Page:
Landscape patterns and dispersal success: simulated population dynamics in the brown treecreeper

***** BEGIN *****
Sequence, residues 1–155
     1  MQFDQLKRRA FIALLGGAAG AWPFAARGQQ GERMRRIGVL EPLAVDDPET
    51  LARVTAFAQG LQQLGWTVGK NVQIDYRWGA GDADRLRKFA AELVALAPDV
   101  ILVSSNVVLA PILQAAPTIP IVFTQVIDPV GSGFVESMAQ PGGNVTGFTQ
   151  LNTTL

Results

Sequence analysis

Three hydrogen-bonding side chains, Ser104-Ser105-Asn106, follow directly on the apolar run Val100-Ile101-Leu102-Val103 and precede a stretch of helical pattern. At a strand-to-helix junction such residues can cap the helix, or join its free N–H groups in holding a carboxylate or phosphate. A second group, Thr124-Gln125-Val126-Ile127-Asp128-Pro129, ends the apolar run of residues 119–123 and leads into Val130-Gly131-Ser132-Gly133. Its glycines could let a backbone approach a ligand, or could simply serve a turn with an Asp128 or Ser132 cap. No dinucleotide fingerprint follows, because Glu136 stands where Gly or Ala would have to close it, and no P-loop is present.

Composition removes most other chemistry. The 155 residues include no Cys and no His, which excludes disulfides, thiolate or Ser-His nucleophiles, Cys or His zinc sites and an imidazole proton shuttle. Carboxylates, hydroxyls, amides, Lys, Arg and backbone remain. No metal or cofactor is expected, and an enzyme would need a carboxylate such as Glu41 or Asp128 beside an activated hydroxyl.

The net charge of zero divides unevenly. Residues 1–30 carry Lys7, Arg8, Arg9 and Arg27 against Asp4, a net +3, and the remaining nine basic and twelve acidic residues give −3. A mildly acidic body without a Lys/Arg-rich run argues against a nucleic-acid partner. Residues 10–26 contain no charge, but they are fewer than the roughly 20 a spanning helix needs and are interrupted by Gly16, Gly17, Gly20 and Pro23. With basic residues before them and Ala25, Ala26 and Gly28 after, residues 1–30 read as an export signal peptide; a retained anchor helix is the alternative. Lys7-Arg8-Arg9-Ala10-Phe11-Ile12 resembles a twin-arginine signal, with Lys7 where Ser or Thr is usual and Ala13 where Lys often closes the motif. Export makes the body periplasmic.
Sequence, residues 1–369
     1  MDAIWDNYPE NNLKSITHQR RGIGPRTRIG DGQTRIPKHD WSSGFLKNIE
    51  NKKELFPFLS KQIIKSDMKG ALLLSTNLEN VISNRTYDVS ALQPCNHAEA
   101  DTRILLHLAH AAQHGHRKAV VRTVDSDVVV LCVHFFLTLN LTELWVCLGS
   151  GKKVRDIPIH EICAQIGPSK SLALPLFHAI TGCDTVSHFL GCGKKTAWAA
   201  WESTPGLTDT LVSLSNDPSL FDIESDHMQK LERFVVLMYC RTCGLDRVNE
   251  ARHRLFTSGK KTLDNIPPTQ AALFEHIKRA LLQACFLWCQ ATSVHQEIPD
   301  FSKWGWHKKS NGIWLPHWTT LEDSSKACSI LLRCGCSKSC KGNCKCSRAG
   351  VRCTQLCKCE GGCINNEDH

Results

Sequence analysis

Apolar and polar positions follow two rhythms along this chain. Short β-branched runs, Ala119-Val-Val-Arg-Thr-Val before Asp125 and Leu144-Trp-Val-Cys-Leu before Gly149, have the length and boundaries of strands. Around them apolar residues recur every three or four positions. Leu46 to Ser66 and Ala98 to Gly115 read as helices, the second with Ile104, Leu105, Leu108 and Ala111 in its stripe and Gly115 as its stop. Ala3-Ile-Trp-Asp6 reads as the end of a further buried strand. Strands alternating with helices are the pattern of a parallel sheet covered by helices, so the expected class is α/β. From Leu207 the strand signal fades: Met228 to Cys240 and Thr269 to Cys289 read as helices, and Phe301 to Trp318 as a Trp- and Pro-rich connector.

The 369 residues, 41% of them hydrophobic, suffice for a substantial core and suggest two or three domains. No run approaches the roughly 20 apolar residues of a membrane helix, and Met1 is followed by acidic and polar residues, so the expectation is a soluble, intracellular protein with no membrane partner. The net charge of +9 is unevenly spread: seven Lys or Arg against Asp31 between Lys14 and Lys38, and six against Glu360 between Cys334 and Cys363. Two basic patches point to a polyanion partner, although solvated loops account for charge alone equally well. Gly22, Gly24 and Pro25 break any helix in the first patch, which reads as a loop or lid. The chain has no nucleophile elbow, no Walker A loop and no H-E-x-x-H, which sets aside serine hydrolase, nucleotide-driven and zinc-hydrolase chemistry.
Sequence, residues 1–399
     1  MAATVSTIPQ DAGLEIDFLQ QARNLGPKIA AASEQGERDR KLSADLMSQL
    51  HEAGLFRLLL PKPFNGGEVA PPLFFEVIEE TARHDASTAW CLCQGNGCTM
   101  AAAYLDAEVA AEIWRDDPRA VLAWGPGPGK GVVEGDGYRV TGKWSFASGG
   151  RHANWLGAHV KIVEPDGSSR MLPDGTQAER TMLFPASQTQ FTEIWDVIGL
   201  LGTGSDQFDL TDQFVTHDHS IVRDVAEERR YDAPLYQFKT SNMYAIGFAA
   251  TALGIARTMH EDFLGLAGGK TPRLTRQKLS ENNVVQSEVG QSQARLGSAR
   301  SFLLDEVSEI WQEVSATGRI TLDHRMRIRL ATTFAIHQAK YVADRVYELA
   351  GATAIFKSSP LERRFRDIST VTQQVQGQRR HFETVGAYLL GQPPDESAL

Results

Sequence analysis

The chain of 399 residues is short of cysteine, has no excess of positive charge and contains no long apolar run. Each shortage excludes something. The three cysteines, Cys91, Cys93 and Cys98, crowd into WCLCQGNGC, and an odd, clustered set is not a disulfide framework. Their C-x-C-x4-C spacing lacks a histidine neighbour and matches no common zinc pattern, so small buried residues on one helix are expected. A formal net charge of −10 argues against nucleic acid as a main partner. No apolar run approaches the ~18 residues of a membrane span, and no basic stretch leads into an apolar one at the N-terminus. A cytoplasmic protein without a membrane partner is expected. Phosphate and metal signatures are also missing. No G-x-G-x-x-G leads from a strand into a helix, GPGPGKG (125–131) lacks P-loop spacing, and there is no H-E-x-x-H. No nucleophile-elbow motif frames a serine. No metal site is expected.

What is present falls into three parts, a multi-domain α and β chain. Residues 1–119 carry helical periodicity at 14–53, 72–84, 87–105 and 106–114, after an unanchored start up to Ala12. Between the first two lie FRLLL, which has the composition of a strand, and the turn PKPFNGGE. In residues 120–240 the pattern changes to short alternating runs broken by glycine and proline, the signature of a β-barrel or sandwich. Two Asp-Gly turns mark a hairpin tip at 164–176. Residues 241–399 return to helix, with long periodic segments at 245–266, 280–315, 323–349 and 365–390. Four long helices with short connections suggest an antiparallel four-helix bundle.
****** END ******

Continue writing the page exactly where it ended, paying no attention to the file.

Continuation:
We used a spatially explicit, individual-based simulation model to explain the possible role of patch isolation in causing observed declines of Brown Treecreepers (Climacteris picumnits) in northern New South Wales, Australia. Using aerial photographs and a geographic information system, we created a spatially realistic landscape in which territories were constrained to woodlands and the matrix composition mimicked the actual landscape in the study area. We compared observed population behavior to the outcome Of Simulations based on two dispersal movement rules and three dispersal mortality rules. Under the first movement rule, a dispersing bird's initial direction was selected at random (Random); under the second rule, a bird's initial direction was toward its nearest neighbor (Neighbor). The first mortality rule used a constant mortality rate for dispersing birds, whereas the second and third varied mortality rate dependent on habitat type traversed. In simulations using the Random movement rule, populations in contiguous habitat were relatively stable, whereas populations in fragmented habitat steadily declined due to low female recruitment, which is the same pattern observed in the real population. Populations in both contiguous and fragmented habitat increased under the Neighbor movement rule, suggesting that population dynamics may be sensitive to dispersal search patterns. Varying mortality rate with habitat type had a large effect on population behavior even though long-distance dispersal was infrequent. Thus, for this cooperative breeder, where territories become clumped due to a high rate of territorial budding, matrix habitats continue to influence overall population performance. In this system, conservation efforts must address the quality of the matrix habitats as well as the configuration of remaining habitat.